Tag Archive | Louis Vuitton

The End of Everything / Footballers on Instagram, $38,000 designer bags, extreme luxury and tigers in Dubai.

‘You see it’s broke nigga racism

That’s that “Don’t touch anything in the store”

And this rich nigga racism

That’s that “Come in, please buy more”

“What you want, a Bentley? Fur coat? A diamond chain?

All you blacks want all the same things”

Used to only be niggas, now everybody playing

Spending everything on Alexander Wang

New Slaves’

Kanye West / “New Slaves”

 

‘I just talked to Jesus

He said, “What up Yeezus?”

I said, “Shit I’m chilling

Trying to stack these millions”

I know he the most high

But I am a close high

Mi casa, su casa

That’s our cosa nostra

I am a god

I am a god

I am a god’

Kanye West / “I Am a God” (featuring God)

I will almost copy and paste the following article – by Colin McDowell, posted on The Business of Fashion’s website – in its entirety, as it is too bloody good:

‘Following news that a shop assistant in Zurich refused to let Oprah Winfrey examine a $38,000 black bag, Colin McDowell says astronomically priced products are emblematic of exactly what’s wrong with the fashion business.’

‘LONDON, United Kingdom — Historians take pleasure in giving portmanteau names to periods: The Age of Elegance; The Dawn of Civilisation; The Gilded Age. It is interesting to imagine what, in the future, will be the title given to today’s fashion period. Guilt and Greed, perhaps? The Death of Taste? I would suggest it could best be summed up as The Age of Irresponsible Excess.

To illustrate what I mean, take the recent little vignette that played out in Switzerland, starring Oprah Winfrey. In a Zurich shop, the American media icon expressed interest in a $38,000 black bag, displayed in a locked showcase. A shop assistant refused to get it out of its case to let her properly examine it. Oprah (who is estimated to have earned $77 million last year alone) was informed that it was too expensive for her and after a few more requests and refusals, she left. Many will agree with her assumption that she, an African American woman, was a victim of prejudice, and they could well be right. (My note: read again the lyrics to “New Slaves”)

Racial prejudice is intolerable to all civilised people and it is right that it should be rigorously questioned and examined. But what has not been questioned or examined in this particular case is something which should shock and appal all right-minded people. And that is the price asked for the bag. What an affront to society and civilisation it presents. Above all, it is a shocking indictment of the mindless greed of the higher echelons of the fashion industry and the way in which it has corrupted certain areas of society. Astronomically priced products are designed not to shock, but to excite a customer sufficiently to be determined to buy them.

To me this is exactly what has gone wrong with the fashion business. A spat between a designer and a journalist, like the one between Hedi Slimane and Cathy Horyn, is demeaning and embarrassing, but the “Oprah Bag” question is infinitely more important and should outrage us all. Can we really have respect for an industry that sells handbags for $38,000?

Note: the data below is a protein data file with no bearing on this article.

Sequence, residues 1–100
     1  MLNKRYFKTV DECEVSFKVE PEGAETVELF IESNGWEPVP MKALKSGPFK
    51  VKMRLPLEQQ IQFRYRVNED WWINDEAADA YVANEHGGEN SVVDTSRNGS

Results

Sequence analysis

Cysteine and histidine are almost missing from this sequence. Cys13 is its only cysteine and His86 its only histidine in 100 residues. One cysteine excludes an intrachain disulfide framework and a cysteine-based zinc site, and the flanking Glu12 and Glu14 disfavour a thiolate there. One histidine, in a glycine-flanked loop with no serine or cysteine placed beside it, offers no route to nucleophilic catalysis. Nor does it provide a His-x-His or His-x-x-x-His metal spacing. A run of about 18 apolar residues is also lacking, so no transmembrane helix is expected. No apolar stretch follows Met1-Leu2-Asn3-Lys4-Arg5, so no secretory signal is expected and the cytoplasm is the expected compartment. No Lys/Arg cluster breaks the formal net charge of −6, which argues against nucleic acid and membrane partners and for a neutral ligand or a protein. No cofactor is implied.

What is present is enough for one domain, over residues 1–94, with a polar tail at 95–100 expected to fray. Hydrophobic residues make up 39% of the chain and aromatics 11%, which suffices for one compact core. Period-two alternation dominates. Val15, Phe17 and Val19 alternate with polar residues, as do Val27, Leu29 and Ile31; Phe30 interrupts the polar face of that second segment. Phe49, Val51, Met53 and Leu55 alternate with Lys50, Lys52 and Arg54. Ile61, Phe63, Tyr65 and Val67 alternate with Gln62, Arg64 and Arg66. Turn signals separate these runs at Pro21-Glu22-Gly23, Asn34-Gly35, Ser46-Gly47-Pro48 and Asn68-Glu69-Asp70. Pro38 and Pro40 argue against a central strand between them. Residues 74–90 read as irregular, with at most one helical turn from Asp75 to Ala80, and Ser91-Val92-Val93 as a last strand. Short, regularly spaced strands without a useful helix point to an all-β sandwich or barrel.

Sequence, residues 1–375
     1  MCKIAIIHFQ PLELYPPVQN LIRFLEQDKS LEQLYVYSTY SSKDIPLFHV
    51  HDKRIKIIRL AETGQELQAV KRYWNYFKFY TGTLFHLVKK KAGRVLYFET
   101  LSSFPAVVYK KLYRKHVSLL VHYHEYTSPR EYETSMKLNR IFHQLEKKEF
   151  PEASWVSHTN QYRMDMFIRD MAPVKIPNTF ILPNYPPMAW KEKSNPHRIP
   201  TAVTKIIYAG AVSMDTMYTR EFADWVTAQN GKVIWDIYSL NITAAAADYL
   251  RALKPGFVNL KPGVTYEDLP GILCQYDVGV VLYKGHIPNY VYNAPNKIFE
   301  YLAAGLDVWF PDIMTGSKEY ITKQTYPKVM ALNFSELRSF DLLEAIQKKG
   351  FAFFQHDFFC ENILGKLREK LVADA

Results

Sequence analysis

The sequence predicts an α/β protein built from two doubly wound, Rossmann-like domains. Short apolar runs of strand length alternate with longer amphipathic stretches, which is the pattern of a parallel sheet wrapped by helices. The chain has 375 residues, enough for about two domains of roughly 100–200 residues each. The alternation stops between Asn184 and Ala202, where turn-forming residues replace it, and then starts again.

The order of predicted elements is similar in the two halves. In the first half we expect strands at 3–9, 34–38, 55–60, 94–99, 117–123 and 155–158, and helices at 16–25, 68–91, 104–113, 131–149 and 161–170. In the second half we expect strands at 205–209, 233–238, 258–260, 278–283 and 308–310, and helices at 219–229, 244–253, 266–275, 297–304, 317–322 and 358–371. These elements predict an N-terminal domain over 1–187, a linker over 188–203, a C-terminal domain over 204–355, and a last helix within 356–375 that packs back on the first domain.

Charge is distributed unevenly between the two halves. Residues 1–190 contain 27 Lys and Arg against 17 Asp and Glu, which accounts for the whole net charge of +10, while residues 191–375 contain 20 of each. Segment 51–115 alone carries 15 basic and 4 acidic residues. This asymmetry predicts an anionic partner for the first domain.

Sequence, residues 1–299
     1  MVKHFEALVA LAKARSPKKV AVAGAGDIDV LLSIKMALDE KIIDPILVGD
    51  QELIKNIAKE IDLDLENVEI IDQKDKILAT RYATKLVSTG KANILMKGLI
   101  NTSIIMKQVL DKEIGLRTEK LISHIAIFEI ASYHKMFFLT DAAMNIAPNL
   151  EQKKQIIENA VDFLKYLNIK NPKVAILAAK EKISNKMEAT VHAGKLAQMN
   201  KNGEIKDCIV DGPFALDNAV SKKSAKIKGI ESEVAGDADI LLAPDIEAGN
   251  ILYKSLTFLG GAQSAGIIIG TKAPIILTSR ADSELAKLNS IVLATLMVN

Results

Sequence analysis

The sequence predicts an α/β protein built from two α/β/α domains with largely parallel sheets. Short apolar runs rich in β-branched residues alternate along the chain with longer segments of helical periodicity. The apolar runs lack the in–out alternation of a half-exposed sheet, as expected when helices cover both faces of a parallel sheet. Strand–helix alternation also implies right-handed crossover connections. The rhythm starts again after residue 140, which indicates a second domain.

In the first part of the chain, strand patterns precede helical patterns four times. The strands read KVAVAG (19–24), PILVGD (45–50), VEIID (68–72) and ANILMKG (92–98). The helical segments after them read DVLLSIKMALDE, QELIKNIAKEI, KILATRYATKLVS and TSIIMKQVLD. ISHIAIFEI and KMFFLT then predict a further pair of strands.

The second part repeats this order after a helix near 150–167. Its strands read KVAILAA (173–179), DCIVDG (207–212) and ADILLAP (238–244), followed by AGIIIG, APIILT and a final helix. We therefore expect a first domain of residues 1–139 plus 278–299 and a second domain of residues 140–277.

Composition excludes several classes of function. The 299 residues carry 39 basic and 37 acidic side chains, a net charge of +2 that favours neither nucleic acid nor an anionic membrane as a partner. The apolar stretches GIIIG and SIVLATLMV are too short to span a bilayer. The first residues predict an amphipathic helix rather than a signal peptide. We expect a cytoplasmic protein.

Read the rest here: http://bit.ly/14NA5S2

So, while Kanye raps about the excess of contemporary society, the noveau riche disease and the God complex of the wealthy and tasteless, many still worship money and shamelessly show off their possessions, despite a universal grim economic situation.

Have we lost the plot? Yes.

russian

Do you remember the ‘Rich Kids of Instagram’? if you don’t, check the following photos and the Tumblr. It will become a reality TV show, according to Mashable.

rkoi1 rkoi2

Other similar cases include ‘Arab kids of instagram’.

arab2 arab3 arabkidsofinstagram

And Rapperz on Instagram.

rapperz2 rapperz3 rapperzoninstagram

Oh, and don’t forget football players showing off on social media.

Here’s Balotelli’s hand.

balo

And Nuri Şahin’s collection of keys.

bomber1

Hopefully, Gen Y will save us all – as Noah Kerner in this article posted by Forbes reckons: ‘My generation dreamed of making millions on Wall Street. Today’s young people dream bigger – building startups that change the world. is going for other stuff opposite direction

Or, if the world will not change, at least the filthy rich could use a bit of class, when bragging about their monies. Look at Snoop Lion’s Instagram shot – a sober, subtle image of what being rich and famous is about: travelling in style, with Louis Vuitton gear, while smoking a spliff. What else do you need?

snoop

Photo sources: Instagram, Vice (http://www.vice.com/en_uk)

What do you think?

London Web Agency Appnova – keep following us on Twitter @appnovaand “like” us on Facebook for useful news and tasteful digressions about geeky stuff.

The Weird World of Luxury Brands / feat. Elephants draped in LV, Prada Frankestein-esque platforms and M.I.A.

It took three people to write the following song. Seriously.

Worldwide, the song has sold more than 6.6 million copies, making it one of the best selling singles of all time. Seriously.

Here are the lyrics. Seriously.

 

‘Ahuh Ahuh (Yea Rihanna)

Ahuh Ahuh (Good girl gone bad)

Ahuh Ahuh (Take three… Action)

Ahuh Ahuh

 

You have my heart

And we’ll never be worlds apart

May be in magazines

But you’ll still be my star

Baby cause in the dark

You can’t see shiny cars

And that’s when you need me there

With you I’ll always share

Because

 

[Chorus]

When the sun shines, we’ll shine together

Told you I’ll be here forever

Said I’ll always be a friend